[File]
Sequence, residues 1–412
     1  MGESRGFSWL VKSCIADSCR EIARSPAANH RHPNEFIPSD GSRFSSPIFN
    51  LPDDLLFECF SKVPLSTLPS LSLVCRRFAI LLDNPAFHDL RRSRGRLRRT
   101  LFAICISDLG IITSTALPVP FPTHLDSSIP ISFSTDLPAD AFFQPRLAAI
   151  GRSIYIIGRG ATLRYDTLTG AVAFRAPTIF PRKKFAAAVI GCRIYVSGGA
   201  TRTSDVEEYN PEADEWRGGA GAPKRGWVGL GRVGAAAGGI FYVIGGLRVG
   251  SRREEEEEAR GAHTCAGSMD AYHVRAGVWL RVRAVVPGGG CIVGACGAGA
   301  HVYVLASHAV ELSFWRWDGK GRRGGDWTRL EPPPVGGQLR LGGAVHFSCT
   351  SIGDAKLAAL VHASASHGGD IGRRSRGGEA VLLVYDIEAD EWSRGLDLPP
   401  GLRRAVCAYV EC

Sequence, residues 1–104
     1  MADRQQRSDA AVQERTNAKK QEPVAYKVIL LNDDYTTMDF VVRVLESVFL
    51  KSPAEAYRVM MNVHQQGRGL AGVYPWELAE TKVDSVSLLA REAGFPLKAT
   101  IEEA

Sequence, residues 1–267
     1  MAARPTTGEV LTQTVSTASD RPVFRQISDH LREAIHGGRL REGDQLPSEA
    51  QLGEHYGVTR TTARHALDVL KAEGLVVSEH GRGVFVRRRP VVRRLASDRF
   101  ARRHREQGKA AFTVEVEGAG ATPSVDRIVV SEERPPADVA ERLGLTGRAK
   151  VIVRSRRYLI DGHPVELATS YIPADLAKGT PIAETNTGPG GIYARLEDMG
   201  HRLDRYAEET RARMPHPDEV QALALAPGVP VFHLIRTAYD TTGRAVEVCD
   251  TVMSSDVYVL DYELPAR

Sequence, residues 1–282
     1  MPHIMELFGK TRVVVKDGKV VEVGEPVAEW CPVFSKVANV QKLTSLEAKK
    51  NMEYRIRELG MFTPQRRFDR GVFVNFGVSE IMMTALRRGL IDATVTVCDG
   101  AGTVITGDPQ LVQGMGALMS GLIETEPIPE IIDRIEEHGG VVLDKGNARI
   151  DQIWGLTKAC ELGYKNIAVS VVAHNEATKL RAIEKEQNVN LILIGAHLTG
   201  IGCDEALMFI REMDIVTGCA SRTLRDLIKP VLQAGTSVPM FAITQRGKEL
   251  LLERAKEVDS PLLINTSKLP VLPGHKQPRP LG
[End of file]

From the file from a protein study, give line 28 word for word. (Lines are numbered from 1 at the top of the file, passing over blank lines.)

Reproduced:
   251  LLERAKEVDS PLLINTSKLP VLPGHKQPRP LG